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In Real World, Patients With Myeloma Have Worse Outcomes

Randy Dotinga

SAN DIEGO — In the real world, outcomes for patients with multiple myeloma who received standard regimens were dramatically worse than those reported in clinical trials, a new study found. 

The analysis, which included nearly 4000 patients with multiple myeloma, revealed that patients in a real-world setting demonstrated worse progression-free and overall survival on six of seven standard treatments compared with patients evaluated in randomized controlled trials.

Lead author Alissa Visram, MD, MPH, who spoke about the study here at the annual meeting of the American Society of Hematology (ASH), said the findings will likely change the way she speaks to patients about their potential outcomes. 

"I'll probably present both numbers [from real-life and clinical-trial data] and give them a sense of the best-case scenario," said Visram during an ASH media briefing. But she said she will also caution her patients that the real-world numbers reflect how people on these drugs actually fare. 

The effectiveness of multiple myeloma drugs remains unclear outside the clinical trial setting, explained Visram, of the Division of Hematology at the Ottawa Hospital Research Institute, Ottawa, Ontario, Canada. Outcomes from randomized controlled trials form the basis of drug approvals but many patients in the real world do not meet the "stringent" trial inclusion criteria. 

Visram and colleagues launched the current study to better understand the potential differences between real-world and clinical trial outcomes. In the analysis, the researchers compared real-world outcomes among patients receiving seven standard multiple myeloma regimens covered by Ontario's public health plan with patient outcomes reported in phase 3 randomized controlled trials. 

The retrospective study included 3951 patients with newly diagnosed and refractory multiple myeloma treated from 2007 to 2020 in Ontario. Regimens for newly diagnosed transplant ineligible patients included lenalidomide plus dexamethasone and triple therapy with bortezomib, lenalidomide, and dexamethasone. Regimens for patients with relapsed disease included pomalidomide plus dexamethasone or carfilzomib plus dexamethasone as well as triple combinations including carfilzomib, lenalidomide, and dexamethasone.

Overall, Visram and colleagues found that patients in the real-world setting demonstrated worse overall survival for six of the seven regimens evaluated (pooled hazard ratio [HR], 1.75; = .010). 

The real-world patients also had worse progression-free survival for six of the seven regimens (pooled HR, 1.44; = .034). 

For these regimens, progression-free survival was at least 3-18 months longer in the clinical trial cohort, while median overall survival was at least 19 months longer compared with real-world patients, Visram explained.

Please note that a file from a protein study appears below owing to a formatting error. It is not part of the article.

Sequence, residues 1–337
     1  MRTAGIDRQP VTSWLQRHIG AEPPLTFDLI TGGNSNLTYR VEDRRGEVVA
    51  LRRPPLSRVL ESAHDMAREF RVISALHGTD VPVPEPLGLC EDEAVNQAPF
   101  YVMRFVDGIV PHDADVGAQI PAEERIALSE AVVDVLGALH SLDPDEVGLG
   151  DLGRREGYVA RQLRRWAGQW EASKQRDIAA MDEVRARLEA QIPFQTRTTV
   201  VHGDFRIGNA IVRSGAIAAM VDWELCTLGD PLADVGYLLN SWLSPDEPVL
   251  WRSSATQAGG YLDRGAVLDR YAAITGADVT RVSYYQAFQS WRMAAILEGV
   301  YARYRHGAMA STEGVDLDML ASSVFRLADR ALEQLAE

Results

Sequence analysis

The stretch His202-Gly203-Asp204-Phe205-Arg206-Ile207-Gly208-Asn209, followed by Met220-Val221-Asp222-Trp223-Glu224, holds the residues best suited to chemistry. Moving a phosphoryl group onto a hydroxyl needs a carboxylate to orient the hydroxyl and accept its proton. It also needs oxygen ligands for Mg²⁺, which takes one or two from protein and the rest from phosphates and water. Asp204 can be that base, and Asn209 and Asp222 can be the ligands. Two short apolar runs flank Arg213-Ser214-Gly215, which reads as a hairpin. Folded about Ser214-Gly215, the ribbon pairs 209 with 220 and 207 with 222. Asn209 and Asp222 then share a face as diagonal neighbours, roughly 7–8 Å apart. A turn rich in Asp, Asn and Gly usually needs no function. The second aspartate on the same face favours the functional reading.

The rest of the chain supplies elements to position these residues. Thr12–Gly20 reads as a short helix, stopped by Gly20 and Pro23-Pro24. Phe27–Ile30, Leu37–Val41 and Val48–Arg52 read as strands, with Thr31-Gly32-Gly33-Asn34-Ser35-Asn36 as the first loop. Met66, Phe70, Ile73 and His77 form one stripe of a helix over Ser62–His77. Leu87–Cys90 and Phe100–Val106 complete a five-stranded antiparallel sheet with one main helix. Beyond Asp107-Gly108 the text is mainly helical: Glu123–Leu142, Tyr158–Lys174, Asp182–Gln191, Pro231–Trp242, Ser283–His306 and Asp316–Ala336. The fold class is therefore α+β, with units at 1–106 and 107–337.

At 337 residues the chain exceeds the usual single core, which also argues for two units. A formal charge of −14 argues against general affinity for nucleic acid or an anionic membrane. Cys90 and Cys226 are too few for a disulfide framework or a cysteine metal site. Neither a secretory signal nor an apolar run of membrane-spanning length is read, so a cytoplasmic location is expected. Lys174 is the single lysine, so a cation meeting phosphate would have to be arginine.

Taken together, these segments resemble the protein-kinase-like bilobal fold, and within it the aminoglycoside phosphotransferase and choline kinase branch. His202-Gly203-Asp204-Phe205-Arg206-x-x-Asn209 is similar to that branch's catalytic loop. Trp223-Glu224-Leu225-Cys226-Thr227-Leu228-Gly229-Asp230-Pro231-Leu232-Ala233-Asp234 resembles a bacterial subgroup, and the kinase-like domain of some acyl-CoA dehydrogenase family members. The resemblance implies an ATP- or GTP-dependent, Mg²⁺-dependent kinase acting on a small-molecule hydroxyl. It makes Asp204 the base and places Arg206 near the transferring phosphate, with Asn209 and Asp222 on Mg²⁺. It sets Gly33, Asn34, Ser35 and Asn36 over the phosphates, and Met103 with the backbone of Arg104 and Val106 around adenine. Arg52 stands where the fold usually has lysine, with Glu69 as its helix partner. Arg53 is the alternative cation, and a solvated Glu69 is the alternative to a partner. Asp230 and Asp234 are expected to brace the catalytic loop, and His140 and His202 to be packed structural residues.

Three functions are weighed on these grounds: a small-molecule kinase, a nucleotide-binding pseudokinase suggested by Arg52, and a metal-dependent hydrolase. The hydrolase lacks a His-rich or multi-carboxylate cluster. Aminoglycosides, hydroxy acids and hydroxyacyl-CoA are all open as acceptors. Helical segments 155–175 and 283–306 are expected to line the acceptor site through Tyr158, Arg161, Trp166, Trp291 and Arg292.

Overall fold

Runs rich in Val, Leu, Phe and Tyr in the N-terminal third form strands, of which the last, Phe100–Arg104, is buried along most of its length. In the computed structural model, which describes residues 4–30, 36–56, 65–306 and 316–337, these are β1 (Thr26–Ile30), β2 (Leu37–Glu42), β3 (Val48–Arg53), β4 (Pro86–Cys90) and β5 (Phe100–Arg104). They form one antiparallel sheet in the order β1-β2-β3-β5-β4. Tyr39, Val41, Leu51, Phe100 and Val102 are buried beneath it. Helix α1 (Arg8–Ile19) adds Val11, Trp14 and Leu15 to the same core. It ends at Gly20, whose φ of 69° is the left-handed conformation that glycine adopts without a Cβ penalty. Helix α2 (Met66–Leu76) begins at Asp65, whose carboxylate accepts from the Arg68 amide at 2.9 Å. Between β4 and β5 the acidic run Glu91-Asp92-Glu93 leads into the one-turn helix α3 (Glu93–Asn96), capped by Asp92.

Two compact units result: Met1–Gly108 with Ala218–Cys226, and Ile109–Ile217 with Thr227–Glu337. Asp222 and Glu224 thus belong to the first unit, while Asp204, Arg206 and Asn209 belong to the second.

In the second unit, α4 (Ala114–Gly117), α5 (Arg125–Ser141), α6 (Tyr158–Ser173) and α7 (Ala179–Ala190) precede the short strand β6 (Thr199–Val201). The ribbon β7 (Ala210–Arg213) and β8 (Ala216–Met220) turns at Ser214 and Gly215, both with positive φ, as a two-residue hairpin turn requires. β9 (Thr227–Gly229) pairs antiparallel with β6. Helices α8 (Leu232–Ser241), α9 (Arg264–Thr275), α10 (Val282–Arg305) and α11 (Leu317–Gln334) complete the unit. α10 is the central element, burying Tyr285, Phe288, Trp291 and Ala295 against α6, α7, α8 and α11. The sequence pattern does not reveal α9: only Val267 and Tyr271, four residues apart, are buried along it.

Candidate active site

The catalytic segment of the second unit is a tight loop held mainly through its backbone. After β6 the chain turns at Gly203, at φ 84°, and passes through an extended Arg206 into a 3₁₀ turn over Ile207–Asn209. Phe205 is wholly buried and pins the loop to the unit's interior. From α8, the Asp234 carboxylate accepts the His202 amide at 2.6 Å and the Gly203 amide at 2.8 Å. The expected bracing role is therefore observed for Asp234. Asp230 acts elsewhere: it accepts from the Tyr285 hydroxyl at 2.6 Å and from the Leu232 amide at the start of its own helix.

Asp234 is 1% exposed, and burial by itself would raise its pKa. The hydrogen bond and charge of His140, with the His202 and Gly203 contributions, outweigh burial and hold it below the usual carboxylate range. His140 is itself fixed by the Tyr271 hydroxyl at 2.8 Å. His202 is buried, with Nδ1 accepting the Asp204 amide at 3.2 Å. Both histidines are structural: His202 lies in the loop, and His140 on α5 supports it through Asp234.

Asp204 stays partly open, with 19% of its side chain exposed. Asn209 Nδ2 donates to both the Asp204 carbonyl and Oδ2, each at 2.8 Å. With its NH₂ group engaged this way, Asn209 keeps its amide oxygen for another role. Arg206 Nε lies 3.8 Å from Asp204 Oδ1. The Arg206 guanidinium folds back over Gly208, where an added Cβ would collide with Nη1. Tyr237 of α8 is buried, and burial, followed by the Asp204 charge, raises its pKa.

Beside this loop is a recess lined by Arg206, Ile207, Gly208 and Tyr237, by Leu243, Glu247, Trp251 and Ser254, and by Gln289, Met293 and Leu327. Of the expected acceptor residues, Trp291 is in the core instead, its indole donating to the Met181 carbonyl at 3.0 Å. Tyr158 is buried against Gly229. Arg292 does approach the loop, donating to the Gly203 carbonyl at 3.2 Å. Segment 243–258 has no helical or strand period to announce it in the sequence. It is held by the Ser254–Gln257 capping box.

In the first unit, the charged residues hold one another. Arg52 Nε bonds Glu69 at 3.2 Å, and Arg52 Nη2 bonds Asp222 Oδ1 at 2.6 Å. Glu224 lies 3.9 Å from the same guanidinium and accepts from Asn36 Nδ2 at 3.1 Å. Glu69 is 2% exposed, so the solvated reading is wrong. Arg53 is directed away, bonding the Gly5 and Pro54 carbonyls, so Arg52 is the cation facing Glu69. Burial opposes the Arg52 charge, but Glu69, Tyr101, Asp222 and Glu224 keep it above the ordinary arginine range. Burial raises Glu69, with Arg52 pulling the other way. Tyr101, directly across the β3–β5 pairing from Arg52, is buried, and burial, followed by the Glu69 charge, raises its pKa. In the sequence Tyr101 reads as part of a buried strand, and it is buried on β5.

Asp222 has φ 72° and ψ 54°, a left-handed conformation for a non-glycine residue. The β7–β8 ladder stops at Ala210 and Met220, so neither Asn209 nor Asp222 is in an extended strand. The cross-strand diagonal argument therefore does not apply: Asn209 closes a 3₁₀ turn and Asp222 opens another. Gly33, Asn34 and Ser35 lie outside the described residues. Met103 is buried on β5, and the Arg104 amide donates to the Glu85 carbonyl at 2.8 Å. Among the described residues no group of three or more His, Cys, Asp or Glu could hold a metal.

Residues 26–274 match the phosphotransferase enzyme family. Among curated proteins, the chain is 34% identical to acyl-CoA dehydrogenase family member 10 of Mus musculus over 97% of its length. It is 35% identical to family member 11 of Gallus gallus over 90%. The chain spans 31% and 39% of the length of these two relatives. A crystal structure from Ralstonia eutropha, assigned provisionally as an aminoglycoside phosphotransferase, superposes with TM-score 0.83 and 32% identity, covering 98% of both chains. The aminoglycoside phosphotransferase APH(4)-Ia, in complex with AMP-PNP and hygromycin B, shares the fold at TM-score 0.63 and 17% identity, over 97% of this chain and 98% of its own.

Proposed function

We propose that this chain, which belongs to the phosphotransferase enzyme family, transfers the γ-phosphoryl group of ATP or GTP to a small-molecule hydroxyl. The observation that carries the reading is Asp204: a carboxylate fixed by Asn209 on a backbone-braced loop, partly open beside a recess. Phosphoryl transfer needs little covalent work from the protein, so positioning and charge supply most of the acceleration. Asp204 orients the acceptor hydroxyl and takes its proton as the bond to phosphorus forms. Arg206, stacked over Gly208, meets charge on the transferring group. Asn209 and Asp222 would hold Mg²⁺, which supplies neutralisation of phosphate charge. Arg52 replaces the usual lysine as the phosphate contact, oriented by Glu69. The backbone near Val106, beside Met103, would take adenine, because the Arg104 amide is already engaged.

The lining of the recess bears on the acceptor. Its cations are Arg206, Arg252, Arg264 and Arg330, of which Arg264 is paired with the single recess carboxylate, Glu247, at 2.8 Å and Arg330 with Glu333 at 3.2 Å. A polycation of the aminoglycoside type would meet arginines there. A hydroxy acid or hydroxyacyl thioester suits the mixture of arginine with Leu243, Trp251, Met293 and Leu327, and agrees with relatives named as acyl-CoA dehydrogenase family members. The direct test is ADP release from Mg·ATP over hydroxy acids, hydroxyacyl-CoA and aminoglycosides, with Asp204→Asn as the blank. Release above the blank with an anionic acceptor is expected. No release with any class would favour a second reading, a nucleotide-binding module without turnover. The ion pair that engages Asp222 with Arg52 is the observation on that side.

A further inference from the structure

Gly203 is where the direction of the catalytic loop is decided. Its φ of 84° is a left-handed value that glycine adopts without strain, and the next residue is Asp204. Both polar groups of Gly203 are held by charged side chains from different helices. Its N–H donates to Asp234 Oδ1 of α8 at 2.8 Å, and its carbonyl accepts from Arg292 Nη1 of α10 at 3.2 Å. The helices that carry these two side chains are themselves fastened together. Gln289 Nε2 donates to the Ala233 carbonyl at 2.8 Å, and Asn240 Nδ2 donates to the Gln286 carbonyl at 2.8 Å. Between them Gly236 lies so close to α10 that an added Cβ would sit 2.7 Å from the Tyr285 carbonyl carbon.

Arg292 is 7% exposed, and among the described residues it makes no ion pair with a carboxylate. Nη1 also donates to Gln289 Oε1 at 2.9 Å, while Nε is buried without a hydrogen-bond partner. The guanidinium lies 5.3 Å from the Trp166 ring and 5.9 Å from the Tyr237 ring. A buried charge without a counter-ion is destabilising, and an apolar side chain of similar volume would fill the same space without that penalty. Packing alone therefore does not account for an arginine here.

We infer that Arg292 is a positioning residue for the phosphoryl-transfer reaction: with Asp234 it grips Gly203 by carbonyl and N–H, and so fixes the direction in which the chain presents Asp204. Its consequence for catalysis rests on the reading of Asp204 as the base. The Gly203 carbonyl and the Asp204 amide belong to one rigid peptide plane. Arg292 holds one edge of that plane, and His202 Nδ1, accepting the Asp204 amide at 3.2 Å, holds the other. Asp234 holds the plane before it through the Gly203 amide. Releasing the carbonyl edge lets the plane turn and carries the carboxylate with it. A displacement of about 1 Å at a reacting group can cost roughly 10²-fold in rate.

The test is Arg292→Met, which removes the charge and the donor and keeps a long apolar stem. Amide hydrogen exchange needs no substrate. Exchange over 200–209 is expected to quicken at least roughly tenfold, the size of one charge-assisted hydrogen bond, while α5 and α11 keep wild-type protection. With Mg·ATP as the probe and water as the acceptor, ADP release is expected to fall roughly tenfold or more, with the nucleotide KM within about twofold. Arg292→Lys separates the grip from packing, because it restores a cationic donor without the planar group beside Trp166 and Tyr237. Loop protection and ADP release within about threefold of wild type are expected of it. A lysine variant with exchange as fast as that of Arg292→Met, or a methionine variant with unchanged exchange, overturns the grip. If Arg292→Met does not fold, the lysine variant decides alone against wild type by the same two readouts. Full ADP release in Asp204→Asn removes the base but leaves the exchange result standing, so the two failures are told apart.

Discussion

The only regimen with comparable outcomes in the clinical trial and real-world settings was pomalidomide and dexamethasone, she said. One reason could be that patients receiving pomalidomide plus dexamethasone in the clinical trial setting had similar or more advanced disease than those in the real-world setting.

The study also found that adverse effects were similar between the clinical and real-world groups. 

The next step, Visram said, would be to explore what's driving the differences in outcomes. 

Are patients in the real-world setting older or frailer? Do they have more advanced disease? Are providers using these regimens differently? 

Mikkael A. Sekeres, MD, MS, explained that the difference likely comes down to the health of the patient. 

Patients in these types of clinical trials "are just these pristine specimens of human beings except for the cancer that's being treated," Sekeres, of the Sylvester Comprehensive Cancer Center at the University of Miami, Miami, Florida, said in an earlier ASH press briefing.

Cynthia E. Dunbar, MD, noted that patients in clinical trials have other advantages as well.

"Patients who are able to enroll in clinical trials are more likely to be able to show up at the treatment center at the right time and for every dose, have transportation, and afford drugs to prevent side effects," said Dunbar, chief of the Translational Stem Cell Biology Branch at the National Heart, Lung, and Blood Institute and secretary of ASH. These patients also "might stay on the drug for longer, or they have nurses who are always encouraging them on how to make it through a toxicity."

Dunbar said hematologists and patients should consider randomized controlled trials to be "the best possible outcome, and perhaps adjust their thinking if an individual patient is older, sicker, or less able to follow a regimen exactly." 

No study funding was reported. Visram reported consulting and honoraria relationships with Apotex, Janssen, and Sanofi. Other study authors reported multiple relationships with industry. Disclosures for Dunbar and Sekeres were unavailable. 

Randy Dotinga is a freelance medical writer and board member of the Association of Health Care Journalists. 



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